Monday, June 22, 2015

Narrowly Framing LTCi (Part 2)

In Part 1, we took a detailed look at a recent WSJ piece on Long Term Care insurance and "narrow framers." Our friend David Williams has asked us to review his take on that article, and so we shall.

I have only a few quibbles with his analysis:

"Insurance is useful when it covers rare events that could be financially ruinous. But long-term care is a common need ... and the benefit structure doesn’t protect against catastrophic expenses."

I think this is overly simplistic: as I mentioned in Part 1, insurance as risk-management tool has more to do with the severity of the potential loss rather than the frequency (although that’s certainly a factor). This explains, in part, the popularity of co-pay health insurance plans vice HSA's: few of us would go broke paying for a simple doctor's visit or common prescription, but we've been conditioned to "let the insurance pay for it." Regular readers will spot the fallacy there.

More disturbing, though, is his contention that "the benefit structure [of LTCi} doesn’t protect against catastrophic expenses." This is a common misconception of how LTCI works and what it's really designed to do, and for that I blame not David, but my industry. The story we've been told to tell is that you buy LTCi to pay for care. This is correct, but misleading: there is no realistic way to buy a plan that will completely cover the costs of a major claim (or series of claims). Anyone that could afford to buy such a plan would be much better off self-insuring.

No, the role of LTCi is to supplement one's assets (and a Partnership-compliant plan is a terrific ally in that quest), and to buy "choice."

What does that mean, Henry, "choice?"

It means that having the ability to pay for care oneself opens up a lot more doors (as regards facility and resource availability) than folks dependent on Medicaid will see. Is that fair? Doesn't matter. Is that real? Yes.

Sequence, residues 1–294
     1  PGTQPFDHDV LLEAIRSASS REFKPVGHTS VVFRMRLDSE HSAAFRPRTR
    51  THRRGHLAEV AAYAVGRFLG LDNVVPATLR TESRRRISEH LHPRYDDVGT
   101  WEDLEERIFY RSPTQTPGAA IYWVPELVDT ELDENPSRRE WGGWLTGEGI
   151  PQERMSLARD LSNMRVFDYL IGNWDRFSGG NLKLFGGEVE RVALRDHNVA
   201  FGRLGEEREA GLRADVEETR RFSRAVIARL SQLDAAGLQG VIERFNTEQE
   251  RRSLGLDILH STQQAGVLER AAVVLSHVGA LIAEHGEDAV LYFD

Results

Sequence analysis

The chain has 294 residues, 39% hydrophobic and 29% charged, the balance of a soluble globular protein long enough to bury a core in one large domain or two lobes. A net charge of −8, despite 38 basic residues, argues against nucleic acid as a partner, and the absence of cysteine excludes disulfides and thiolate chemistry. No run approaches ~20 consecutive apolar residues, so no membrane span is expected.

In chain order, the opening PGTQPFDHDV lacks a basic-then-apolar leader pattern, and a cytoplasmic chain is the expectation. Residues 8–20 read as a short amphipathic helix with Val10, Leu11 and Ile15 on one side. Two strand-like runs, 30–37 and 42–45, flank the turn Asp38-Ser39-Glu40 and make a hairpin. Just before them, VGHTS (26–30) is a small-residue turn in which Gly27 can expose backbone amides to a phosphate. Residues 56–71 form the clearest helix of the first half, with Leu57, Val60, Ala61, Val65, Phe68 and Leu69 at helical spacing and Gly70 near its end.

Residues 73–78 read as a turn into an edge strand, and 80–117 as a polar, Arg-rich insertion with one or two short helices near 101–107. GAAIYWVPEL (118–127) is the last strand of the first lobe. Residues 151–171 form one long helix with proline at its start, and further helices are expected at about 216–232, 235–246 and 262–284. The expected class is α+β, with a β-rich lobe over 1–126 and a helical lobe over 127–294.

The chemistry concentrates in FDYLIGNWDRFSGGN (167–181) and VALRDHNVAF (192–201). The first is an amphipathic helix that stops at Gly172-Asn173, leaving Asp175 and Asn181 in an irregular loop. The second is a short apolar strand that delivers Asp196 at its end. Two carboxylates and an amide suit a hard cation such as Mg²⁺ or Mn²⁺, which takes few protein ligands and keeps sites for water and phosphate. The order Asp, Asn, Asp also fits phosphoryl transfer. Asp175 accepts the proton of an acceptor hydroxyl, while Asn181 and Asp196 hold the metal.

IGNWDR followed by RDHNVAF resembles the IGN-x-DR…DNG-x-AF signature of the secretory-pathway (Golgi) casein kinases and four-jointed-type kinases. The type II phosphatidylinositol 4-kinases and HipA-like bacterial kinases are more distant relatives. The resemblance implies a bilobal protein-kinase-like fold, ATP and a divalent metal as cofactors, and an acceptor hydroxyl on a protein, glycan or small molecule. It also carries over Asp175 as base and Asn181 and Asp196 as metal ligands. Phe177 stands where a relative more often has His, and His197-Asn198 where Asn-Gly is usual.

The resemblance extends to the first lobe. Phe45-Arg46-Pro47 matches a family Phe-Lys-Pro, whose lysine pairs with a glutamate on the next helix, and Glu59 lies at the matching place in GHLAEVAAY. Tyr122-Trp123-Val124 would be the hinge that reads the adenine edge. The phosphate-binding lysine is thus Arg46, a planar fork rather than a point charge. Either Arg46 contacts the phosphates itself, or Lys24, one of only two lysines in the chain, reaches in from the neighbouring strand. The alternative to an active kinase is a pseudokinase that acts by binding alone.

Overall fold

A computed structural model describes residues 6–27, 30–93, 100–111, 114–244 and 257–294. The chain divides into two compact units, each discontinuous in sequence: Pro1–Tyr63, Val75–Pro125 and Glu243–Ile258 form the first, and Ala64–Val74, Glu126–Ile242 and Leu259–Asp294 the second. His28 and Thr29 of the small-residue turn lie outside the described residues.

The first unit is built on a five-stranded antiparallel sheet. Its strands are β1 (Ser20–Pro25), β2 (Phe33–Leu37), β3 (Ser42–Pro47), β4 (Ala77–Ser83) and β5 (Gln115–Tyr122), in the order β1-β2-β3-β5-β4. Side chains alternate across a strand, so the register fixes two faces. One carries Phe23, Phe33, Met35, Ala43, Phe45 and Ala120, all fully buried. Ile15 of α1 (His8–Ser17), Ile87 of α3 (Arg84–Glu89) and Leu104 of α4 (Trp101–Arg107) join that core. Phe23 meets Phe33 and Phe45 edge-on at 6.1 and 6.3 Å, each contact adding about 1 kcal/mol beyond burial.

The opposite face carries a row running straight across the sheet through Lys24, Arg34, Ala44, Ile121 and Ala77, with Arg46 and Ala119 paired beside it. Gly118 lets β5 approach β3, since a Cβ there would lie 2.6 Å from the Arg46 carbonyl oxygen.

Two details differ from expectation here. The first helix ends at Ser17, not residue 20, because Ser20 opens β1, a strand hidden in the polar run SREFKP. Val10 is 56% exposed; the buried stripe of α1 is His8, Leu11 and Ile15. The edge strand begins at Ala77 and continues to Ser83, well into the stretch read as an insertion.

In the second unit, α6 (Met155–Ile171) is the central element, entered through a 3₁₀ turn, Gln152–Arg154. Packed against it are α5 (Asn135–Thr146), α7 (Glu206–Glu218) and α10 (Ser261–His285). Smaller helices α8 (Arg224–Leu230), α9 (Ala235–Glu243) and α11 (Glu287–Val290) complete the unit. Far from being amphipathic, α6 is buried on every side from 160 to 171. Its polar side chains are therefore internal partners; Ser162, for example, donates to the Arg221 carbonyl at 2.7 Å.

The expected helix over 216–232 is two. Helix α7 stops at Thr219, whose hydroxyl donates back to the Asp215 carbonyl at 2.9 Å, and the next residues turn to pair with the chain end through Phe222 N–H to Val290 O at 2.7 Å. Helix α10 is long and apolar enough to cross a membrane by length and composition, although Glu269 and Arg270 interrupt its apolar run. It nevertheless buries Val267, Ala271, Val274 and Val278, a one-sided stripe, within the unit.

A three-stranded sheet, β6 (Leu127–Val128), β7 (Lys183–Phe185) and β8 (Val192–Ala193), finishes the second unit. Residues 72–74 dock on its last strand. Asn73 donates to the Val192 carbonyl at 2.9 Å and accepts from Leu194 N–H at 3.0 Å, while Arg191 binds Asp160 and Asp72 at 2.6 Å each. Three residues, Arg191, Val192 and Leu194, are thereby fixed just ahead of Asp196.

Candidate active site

David then writes about his own experience in considering a plan, and noted that what he was shown had very little in common with what he wanted. This is a failure of either David (for not sharing his vision with his agent) or the agent (for not listening to David). I don't know his agent, but I have a very difficult time believing that David was less than forthright and explicit in his request. On the other hand, I know from experience that clients are generally less knowledgeable about these plans than they might think (which is no indictment: they've been served a long line of carrier and industry propaganda). My very first step when asked about LTCI  by a client (or potential client) is to point them to our primer on when one should consider buying a plan, and what to look for.

David does describe his ideal plan: "a policy with a 5 year elimination period and no cap on the benefit period." Such a configuration does not, to my knowledge, exist, but it seems to me that there ought to have been some common ground between what the agent had available and what David wanted; unfortunately, that doesn't seem to have been the case (or so I inferred from the post). Does that make David a "narrow framer" (in the context of the WSJ post)? Hardly: in fact, he seemed crystal clear in what he wanted and not distracted by the minutiae.

Where I think he veered off course is in not considering other reasons to buy a plan, and I hope that he takes the opportunity to revisit that decision. I'd be happy to refer him to a pro.
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